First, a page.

Despite its size and social diversity, the United States is one nation, and what happens in one city or neighborhood ultimately affects all Americans. "Connecting the Dots" addresses the complex relationships between family and community, and between community and other players affecting family and community life, including the private sector, government, nonprofit groups, and religious organizations. Contrary to much rhetoric, Wireman argues that America does not suffer from a loss of family values, but from a shift in business practices and public commitments. The American dream of work hard, buy a home, and give your children a better life is no longer realistic for millions of workers, both white-collar and blue-collar. At an individual level, millions of Americans face significant challenges as they go about trying to meet the everyday responsibilities of earning an income, feeding their families, maintaining their health, finding housing, handling everyday household chores, and caring for their children.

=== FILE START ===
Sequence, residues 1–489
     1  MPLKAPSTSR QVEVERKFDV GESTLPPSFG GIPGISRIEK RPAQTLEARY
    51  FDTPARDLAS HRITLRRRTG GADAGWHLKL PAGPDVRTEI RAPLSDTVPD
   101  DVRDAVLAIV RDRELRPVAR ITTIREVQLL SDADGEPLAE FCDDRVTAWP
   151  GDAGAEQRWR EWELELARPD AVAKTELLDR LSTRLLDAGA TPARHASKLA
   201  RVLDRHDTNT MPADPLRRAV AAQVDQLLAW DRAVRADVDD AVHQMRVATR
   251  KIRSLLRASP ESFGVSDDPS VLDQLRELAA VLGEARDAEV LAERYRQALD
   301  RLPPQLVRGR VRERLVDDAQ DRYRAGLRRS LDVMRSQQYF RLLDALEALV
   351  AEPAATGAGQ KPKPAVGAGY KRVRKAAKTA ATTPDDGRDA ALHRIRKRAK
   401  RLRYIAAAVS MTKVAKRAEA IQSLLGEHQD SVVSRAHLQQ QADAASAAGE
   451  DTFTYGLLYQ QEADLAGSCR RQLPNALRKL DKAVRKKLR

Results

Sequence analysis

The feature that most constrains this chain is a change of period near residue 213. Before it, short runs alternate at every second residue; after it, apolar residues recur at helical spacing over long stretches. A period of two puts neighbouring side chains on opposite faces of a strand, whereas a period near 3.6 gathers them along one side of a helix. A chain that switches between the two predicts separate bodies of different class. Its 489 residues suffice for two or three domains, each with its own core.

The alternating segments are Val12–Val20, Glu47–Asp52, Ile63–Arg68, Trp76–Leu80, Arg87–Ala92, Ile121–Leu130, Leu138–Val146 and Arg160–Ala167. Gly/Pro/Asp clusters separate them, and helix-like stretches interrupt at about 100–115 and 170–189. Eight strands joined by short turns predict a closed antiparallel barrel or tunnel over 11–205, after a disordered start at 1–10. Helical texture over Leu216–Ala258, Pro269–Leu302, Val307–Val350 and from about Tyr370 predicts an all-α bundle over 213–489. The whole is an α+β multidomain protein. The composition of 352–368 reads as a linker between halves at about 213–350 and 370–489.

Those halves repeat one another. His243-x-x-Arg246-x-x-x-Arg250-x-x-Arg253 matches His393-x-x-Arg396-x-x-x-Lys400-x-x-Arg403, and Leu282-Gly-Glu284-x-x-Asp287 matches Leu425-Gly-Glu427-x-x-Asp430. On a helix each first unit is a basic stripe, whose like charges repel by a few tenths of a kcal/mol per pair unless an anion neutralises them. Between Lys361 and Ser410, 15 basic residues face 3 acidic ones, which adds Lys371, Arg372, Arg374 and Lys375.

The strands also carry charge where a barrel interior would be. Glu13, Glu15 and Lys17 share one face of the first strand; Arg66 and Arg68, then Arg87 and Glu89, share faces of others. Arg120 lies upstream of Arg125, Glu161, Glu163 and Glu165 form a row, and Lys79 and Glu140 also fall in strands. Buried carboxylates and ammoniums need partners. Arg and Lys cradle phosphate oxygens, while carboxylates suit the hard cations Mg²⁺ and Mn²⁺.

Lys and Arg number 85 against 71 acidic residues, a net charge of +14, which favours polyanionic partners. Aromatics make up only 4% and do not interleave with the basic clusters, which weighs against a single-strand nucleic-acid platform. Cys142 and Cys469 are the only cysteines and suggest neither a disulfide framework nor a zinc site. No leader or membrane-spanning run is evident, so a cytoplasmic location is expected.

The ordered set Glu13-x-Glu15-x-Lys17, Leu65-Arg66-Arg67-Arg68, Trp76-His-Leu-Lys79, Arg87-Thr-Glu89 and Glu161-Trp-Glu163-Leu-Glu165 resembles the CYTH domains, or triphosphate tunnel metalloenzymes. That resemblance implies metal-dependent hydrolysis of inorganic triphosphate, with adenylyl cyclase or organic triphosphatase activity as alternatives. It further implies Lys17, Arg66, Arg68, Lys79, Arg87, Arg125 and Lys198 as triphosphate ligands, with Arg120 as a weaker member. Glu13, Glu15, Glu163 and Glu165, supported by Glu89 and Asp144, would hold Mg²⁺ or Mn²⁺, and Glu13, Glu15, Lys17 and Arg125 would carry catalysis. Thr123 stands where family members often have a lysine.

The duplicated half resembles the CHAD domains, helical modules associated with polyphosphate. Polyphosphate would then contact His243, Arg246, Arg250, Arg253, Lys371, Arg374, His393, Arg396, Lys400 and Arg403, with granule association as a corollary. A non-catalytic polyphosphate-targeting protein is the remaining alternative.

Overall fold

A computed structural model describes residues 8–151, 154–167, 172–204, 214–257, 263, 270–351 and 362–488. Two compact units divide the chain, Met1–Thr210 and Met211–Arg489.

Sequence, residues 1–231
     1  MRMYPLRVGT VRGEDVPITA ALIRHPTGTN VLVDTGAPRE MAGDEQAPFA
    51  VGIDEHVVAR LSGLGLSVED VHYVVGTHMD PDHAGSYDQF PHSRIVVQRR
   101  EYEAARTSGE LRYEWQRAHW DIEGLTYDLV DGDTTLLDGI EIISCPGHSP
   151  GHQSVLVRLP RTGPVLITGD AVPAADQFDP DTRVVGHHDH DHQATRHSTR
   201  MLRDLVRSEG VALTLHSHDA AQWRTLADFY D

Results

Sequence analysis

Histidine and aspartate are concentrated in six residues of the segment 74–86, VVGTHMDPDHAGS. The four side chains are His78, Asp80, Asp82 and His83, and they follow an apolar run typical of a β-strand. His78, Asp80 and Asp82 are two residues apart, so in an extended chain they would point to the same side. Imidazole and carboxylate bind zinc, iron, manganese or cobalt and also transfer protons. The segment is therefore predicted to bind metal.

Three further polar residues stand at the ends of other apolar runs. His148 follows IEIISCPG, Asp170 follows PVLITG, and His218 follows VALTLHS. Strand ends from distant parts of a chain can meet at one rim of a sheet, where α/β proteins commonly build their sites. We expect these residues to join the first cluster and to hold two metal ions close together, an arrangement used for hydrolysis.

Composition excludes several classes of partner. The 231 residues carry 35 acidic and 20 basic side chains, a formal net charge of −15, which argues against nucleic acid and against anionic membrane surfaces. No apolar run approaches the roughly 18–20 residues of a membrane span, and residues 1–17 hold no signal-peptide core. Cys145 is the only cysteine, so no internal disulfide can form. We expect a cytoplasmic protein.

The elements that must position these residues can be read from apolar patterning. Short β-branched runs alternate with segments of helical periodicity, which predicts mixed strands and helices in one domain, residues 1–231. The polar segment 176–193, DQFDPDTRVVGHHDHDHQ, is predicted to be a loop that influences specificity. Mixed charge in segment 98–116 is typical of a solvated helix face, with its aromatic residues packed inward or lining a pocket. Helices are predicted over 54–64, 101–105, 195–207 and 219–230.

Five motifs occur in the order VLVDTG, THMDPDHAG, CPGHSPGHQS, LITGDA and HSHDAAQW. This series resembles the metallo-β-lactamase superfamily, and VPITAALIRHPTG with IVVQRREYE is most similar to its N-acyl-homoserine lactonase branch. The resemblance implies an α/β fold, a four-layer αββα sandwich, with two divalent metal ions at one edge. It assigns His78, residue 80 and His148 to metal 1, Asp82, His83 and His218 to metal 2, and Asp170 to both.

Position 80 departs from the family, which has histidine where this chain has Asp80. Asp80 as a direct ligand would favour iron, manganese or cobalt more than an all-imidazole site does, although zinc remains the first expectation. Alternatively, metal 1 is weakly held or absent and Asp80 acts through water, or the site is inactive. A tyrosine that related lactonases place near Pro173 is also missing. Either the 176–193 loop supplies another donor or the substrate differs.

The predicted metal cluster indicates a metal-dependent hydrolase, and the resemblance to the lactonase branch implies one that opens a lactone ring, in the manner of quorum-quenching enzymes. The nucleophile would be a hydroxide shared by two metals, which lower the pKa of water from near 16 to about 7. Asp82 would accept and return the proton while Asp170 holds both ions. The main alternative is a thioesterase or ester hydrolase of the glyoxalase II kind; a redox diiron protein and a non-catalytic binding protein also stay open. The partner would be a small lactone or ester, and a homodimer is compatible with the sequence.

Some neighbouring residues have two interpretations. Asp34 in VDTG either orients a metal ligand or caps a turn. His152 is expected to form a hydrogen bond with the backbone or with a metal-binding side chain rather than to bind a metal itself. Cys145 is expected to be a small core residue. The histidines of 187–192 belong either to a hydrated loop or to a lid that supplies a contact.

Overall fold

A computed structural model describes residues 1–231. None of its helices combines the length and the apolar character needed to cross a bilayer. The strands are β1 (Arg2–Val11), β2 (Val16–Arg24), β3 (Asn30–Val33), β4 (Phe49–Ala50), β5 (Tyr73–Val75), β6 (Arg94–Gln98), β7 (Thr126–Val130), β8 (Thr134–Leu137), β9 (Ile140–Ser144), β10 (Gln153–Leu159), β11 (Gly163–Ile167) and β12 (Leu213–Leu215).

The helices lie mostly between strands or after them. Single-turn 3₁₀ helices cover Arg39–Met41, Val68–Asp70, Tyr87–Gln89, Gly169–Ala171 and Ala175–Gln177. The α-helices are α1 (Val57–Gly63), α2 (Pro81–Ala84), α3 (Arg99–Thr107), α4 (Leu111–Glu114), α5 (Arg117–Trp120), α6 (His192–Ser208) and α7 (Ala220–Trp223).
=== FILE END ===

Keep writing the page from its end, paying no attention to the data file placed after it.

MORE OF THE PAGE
Besides identifying top-down structures, laws, and attitudes that create a supportive context for family life, the book includes bottom-up anecdotal examples to ground its policy-oriented discussion. It also provides statistical data needed to develop realistic solutions. Wireman examines diversity as well, since how America handles racial and ethnic differences remains crucial to its future. She discusses ways in which communities have created social capital, community cohesion, and local organizational ability. Wireman provides a framework for policymakers, local community leaders, and neighborhood activists to use in analyzing their situations and selecting the best approach; she also describes what various players can and must do to uphold the American dream. "Connecting the Dots" will be of keen interest to sociologists, political scientists, economists, and social workers.